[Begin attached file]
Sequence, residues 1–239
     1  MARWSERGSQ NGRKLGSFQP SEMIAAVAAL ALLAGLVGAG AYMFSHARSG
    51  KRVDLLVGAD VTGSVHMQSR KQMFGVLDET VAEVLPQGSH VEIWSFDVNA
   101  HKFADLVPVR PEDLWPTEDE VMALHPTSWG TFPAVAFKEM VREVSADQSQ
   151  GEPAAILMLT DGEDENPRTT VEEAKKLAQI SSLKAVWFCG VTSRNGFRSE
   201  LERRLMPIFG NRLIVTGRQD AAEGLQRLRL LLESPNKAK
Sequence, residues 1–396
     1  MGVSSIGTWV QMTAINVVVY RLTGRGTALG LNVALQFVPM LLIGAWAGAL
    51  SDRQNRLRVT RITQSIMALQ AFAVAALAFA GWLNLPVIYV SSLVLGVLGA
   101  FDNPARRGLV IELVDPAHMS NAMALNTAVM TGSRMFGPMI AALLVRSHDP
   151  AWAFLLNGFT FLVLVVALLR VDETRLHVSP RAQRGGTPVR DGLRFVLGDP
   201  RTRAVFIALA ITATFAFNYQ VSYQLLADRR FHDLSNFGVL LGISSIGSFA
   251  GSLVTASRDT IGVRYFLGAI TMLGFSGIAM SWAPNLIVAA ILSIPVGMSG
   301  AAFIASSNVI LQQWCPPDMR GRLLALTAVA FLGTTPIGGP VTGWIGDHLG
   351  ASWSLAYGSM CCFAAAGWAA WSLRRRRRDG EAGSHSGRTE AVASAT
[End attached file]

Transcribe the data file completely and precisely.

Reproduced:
Sequence, residues 1–239
     1  MARWSERGSQ NGRKLGSFQP SEMIAAVAAL ALLAGLVGAG AYMFSHARSG
    51  KRVDLLVGAD VTGSVHMQSR KQMFGVLDET VAEVLPQGSH VEIWSFDVNA
   101  HKFADLVPVR PEDLWPTEDE VMALHPTSWG TFPAVAFKEM VREVSADQSQ
   151  GEPAAILMLT DGEDENPRTT VEEAKKLAQI SSLKAVWFCG VTSRNGFRSE
   201  LERRLMPIFG NRLIVTGRQD AAEGLQRLRL LLESPNKAK
Sequence, residues 1–396
     1  MGVSSIGTWV QMTAINVVVY RLTGRGTALG LNVALQFVPM LLIGAWAGAL
    51  SDRQNRLRVT RITQSIMALQ AFAVAALAFA GWLNLPVIYV SSLVLGVLGA
   101  FDNPARRGLV IELVDPAHMS NAMALNTAVM TGSRMFGPMI AALLVRSHDP
   151  AWAFLLNGFT FLVLVVALLR VDETRLHVSP RAQRGGTPVR DGLRFVLGDP
   201  RTRAVFIALA ITATFAFNYQ VSYQLLADRR FHDLSNFGVL LGISSIGSFA
   251  GSLVTASRDT IGVRYFLGAI TMLGFSGIAM SWAPNLIVAA ILSIPVGMSG
   301  AAFIASSNVI LQQWCPPDMR GRLLALTAVA FLGTTPIGGP VTGWIGDHLG
   351  ASWSLAYGSM CCFAAAGWAA WSLRRRRRDG EAGSHSGRTE AVASAT